Entire families lived in one or two room dwellings. Clothes would have been mended and patched for as long as possible. Three years later a series of gruesome murders began in the east end of London. On this site you will find information spanning over all topics and fun filled about this important era in history. The towns were dirty, with garbage typically thrown into the streets and large clouds of factory coal steam.
The net efficiency that would have been lost if the looms had to be regularly shut down for sweeping was considered too great a price by mill owners. The middle class families did not usually have as many servants as the upper class families. The conscientious sector of society such as journalist, ministers and moral reformers debated accurately that the slums were brought on by a rapid growth in population and the explosion of industrialism during that time. The workhouse might deny the starving applicants even the bare shelter it provided. So despite the vast differences between the women in this era, their similarities encouraged a change that shaped the history of Britain. Conductors were allowed to keep four shillings a day out of the fares they collected, and drivers could count on 34 shillings a week, for a working day beginning at 7.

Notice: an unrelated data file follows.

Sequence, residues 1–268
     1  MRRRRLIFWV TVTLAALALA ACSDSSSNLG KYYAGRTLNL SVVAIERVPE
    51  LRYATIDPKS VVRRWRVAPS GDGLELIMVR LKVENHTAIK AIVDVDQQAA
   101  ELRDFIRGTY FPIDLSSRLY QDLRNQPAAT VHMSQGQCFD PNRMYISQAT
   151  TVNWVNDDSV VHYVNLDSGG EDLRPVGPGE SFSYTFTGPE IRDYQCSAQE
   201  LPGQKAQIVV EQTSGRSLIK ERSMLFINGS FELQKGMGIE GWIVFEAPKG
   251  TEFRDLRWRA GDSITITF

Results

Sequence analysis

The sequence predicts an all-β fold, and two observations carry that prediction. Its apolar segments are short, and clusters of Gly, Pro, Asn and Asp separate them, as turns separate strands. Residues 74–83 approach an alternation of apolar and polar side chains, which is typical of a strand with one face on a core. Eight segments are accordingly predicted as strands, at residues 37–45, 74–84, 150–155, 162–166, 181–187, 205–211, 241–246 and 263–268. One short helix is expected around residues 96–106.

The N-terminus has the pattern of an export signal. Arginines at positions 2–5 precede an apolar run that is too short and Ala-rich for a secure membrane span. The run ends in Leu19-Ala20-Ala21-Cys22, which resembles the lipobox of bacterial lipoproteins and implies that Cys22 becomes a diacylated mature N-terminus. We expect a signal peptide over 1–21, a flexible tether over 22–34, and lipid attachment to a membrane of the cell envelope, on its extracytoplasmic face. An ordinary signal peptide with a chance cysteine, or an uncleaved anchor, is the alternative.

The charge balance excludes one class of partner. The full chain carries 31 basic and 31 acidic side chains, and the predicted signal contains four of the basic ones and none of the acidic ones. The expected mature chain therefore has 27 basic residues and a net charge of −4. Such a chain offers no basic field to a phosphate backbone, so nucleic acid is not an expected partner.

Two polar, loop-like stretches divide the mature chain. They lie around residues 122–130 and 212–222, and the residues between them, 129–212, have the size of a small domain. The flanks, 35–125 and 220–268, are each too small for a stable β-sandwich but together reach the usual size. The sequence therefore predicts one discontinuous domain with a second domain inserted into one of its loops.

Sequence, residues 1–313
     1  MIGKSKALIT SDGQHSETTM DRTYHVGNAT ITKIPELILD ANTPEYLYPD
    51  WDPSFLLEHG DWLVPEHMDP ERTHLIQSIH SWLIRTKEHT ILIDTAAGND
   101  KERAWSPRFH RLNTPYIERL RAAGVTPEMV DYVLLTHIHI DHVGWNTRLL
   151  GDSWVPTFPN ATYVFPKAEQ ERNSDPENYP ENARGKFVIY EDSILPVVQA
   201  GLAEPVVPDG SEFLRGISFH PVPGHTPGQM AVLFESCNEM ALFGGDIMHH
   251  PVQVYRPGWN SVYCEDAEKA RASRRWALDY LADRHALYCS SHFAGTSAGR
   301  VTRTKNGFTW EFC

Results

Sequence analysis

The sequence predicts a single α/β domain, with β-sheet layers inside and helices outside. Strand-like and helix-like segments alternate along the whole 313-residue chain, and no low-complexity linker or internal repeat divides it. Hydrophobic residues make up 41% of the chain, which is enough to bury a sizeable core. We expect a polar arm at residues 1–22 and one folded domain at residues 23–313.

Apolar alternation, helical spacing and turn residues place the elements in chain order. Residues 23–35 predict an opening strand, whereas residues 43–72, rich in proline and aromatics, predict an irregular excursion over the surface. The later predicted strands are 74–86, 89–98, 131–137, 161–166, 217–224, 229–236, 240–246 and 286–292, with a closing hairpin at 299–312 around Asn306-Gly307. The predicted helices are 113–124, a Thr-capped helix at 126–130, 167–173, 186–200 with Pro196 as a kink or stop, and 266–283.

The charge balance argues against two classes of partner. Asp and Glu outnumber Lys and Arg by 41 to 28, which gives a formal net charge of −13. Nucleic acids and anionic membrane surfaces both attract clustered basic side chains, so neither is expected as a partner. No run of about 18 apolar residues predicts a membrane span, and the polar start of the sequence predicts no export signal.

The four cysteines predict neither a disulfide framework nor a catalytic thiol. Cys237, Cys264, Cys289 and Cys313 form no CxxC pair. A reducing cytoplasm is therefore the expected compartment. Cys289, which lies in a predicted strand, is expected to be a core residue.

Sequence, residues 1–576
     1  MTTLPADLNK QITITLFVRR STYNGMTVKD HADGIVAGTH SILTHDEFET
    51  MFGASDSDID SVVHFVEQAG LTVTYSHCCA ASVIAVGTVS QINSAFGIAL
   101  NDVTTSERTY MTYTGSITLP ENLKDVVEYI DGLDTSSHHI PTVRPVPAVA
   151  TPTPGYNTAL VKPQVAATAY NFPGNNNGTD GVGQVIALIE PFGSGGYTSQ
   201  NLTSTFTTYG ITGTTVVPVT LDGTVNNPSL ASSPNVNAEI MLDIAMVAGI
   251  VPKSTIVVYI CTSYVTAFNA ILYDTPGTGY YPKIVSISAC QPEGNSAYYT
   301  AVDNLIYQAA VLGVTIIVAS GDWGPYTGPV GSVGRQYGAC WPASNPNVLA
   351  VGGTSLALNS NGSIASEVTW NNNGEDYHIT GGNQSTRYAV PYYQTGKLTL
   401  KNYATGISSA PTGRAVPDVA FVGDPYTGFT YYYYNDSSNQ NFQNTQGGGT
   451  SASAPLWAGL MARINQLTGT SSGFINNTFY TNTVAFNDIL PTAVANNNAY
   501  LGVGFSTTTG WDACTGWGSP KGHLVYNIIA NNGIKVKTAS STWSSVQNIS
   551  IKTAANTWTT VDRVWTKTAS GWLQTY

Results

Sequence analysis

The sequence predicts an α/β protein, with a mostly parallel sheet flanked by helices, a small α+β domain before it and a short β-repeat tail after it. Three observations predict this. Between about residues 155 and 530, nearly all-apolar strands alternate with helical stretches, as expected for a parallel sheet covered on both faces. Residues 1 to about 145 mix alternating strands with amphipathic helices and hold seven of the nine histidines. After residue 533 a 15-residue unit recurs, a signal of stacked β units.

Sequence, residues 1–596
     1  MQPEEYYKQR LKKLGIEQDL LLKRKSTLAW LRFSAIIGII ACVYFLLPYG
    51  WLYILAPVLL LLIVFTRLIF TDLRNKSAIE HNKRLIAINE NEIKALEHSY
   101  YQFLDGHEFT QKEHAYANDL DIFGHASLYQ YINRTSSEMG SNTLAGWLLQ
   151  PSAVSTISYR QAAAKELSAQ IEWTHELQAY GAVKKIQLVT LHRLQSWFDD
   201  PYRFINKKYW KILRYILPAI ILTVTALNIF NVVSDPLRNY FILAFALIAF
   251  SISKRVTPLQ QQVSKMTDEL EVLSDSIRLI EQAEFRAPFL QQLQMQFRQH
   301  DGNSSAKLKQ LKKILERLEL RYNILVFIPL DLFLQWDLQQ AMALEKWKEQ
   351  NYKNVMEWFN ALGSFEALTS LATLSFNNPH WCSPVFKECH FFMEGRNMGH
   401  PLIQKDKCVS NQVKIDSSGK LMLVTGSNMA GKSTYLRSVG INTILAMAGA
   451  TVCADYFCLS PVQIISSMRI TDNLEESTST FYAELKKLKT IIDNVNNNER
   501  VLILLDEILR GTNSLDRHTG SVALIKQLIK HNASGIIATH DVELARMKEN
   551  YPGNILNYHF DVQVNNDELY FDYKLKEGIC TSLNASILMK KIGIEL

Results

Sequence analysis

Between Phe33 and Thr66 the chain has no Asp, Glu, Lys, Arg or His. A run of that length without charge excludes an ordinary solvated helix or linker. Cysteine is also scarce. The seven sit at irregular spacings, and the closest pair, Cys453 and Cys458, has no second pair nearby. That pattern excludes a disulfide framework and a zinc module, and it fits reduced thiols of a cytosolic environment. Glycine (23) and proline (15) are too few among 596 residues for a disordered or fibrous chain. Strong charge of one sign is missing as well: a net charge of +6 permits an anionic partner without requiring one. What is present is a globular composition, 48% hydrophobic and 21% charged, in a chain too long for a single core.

Towards the latter part of the nineteenth century, the basis of the drink changed to sassafras bark, flavored with milk and sugar. The poor children had to work public jobs for their families to survive. Sometimes two or more families would share an apartment. On this site you will find information spanning over all topics and fun filled about this important era in history. One of the major problems was the immigration of the country. The working class residential areas were crowded, with narrow streets and houses that were built back to back.